Using the SimConnect SDK - A SimVar Request handler (and potential SDK replacement)

The SDK samples and documentation aren’t really geared towards teaching novice developers how to use the SimConnect DLL/SDK, rather they provide basics for understanding how it could be used and then leave the developer to investigate their own requirements further, using resources such as other examples of code and forums like this.

This thread is trying to shine some light on how you can use the SimConnect SDK to actually submit requests and receive/process responses. The output is a SimConnectHelper that you can use to submit SimVar requests to MSFS 2020 and request the results for you to use in your own applications.

The sample code provided is written in C#, feel free to port this to other languages.

This tutorial is designed to be read/used when referring to the code of the SimConnectHelper project, so we’re not simply copying/pasting huge swathes of code from GitHub into this forum. Snippets of code are provided throughout this tutorial, to provide some reference to the areas of code we’re talking about, to help you find/read the right section as we proceed.

The SimConnect DLL is a very simple interface; it expects your code to tell it exactly what you want it to do and how you want it done.

If you make a typo in your code, or FS isn’t running, or make any other mistake, SimConnect isn’t very forgiving, it simply fails. Nor is it very helpful in pointing you towards the cause of the failure, so you’re likely to spend a lot of time making mistakes and then refining and tweaking your code to fix it, via trial and error.

With the above in mind, I have created a simple helper project, to demonstrate how you could write your own code using SimConnect, or you can simply embed the SimConnectHelper into your own project to use what’s written.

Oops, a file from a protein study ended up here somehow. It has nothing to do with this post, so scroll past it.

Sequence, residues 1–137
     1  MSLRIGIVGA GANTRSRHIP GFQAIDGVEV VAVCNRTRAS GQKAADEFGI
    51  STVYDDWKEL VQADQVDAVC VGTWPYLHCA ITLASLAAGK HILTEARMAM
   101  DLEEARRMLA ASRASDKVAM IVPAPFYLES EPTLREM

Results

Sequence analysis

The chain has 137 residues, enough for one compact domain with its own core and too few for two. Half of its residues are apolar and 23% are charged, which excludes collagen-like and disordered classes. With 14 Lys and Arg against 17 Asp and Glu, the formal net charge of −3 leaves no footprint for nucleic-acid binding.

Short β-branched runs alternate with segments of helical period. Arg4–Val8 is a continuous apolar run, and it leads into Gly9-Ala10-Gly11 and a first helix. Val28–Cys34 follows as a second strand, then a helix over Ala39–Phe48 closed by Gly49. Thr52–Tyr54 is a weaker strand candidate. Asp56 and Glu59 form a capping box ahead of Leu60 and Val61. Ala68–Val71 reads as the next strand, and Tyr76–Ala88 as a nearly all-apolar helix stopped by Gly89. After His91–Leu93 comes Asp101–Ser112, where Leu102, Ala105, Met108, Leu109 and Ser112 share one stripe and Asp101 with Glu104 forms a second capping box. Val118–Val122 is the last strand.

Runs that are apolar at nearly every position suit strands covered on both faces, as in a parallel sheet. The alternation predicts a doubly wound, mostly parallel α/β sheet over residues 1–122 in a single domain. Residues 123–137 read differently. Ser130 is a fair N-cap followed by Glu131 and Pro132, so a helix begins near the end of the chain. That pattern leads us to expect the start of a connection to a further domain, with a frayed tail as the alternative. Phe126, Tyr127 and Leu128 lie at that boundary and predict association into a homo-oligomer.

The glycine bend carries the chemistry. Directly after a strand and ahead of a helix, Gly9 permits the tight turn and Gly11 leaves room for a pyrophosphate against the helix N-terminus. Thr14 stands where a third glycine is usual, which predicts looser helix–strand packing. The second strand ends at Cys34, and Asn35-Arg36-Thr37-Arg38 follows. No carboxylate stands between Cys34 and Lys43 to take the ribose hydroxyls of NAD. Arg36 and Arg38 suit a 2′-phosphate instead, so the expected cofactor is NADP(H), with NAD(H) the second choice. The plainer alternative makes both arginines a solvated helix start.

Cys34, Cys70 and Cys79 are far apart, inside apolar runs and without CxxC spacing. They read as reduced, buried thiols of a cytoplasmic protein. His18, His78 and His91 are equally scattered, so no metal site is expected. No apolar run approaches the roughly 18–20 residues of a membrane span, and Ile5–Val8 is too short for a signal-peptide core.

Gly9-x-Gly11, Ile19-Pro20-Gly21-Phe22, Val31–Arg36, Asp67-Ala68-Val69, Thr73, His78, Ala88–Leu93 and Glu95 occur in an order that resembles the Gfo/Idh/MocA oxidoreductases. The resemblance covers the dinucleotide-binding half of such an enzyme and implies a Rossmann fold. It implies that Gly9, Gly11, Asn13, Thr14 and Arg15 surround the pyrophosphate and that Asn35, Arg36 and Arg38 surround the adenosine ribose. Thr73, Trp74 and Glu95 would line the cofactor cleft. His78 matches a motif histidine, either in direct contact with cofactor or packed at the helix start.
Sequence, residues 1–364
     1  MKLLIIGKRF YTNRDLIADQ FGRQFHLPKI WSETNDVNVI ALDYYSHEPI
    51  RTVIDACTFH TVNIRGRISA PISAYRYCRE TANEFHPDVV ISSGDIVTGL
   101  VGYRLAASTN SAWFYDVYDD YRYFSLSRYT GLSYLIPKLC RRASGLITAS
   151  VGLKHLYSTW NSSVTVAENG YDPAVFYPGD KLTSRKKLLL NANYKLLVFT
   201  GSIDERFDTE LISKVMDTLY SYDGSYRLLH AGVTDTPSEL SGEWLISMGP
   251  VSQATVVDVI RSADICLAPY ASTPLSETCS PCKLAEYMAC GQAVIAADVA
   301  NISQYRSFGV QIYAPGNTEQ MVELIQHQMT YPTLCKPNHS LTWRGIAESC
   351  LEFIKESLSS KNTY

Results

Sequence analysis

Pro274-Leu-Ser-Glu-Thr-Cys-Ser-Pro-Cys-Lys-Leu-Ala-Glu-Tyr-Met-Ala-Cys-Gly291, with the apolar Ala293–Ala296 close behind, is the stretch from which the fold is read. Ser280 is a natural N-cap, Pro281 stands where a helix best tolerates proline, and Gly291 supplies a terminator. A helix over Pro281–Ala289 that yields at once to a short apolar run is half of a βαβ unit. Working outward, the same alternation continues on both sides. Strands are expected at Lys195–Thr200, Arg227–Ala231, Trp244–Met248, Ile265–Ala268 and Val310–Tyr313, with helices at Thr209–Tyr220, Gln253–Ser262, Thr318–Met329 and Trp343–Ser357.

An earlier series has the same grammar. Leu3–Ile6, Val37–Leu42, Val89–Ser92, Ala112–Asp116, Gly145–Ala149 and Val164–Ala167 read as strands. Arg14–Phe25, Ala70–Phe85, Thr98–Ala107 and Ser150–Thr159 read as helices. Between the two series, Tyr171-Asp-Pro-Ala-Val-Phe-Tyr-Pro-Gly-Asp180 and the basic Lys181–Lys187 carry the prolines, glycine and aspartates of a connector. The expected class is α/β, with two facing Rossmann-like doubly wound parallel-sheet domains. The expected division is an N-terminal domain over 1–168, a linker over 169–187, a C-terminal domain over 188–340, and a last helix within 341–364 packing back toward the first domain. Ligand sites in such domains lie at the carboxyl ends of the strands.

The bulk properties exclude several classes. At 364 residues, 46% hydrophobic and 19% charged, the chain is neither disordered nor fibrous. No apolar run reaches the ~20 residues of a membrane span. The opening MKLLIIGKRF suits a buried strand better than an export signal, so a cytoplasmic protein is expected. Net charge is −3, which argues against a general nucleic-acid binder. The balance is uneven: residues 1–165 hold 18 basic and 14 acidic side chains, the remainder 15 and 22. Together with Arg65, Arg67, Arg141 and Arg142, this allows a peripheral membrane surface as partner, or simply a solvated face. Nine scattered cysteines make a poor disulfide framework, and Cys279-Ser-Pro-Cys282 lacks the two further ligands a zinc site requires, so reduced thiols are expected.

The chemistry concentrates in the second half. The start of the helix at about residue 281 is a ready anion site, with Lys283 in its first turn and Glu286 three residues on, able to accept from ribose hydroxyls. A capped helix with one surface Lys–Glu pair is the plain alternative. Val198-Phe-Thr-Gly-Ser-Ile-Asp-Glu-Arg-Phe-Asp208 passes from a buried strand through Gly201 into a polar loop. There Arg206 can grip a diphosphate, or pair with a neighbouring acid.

At the time of writing, the project on GitHub allows you to:

  1. Connect to MSFS 2020 locally
  2. Connect to MSFS 2020 running on a remote PC
  3. Disconnect from MSFS 2020
  4. Submit a SimVar request
  5. Request an updated value
  6. Auto-receive latest values using a pre-defined schedule
  7. Submit a SimVar value to MSFS 2020
  8. Remove/cancel a previous request
  9. Disable AI Updates to prevent MSFS 2020 from changing the values you submit

** VERY IMPORTANT** the SimConnect.dll is 64-bit! If you’re planning on creating projects yourself, make sure your project is also configured to compile in 64-bit, otherwise, you will likely receive all manner of errors, not all of which are helpful. Also, if your project intends to use the SimConnect.dll directly, make sure you reference the SimConnect.dll in the right way. If you’re using a development IDE such as Visual Studio, the SimConnect.dll may not automatically copy to your compiled output folder, you may have to force it or do that manually.

The sample code also contains a small test project to demonstrate how the helper is used.

The main class SimConnectHelper provides the actual code you can use in your own projects. It is littered with comments to help you understand what each part of the code is doing, which is particularly helpful for anyone wanting to port the code to another language or to provide guidance via IntelliSense when using it in your own projects.

I have also started creating another project to demonstrate how you can embed the helper into a form.

I plan to add more features to the helper in the future, but hopefully, this will help the budding developers out there get a head start in their coding.


So, we’ve explained what we’re doing here, lets dive in to designing what our code should do.

To simplify use of the resulting project, I plan to create it as a static public class, so our consuming code (e.g. a WinForm Application, a Console Application, or Test Project etc) can just access it directly, without having to create a new instance. This means there will only be a single connection created to communicate with MSFS 2020.

I want to create some simplified methods such as:

  • Initiate a connection to MSFS 2020
    (both to a local instance of MSFS 2020 or an instance running on a remote PC)
  • Submit requests for SimVars
  • Request value updates
  • Submit values for SimVars, and
  • Disconnect from MSFS 2020.

I also intend to add a few useful properties, such as:

  • An indicator (bool IsConnected) to see if we’re connected to MSFS 2020
  • A property (bool UseFSXcompatibleConnection) to allow backward compatibility with FSX (untested)
  • A default frequency (DefaultUpdateFrequency) to fetch values (in case we don’t want to explicitly set it every time we call the method)
  • Basic details (public static SimConnectConfig Connection { get; private set; }) of the current/last connection to MSFS 2020 (read-only)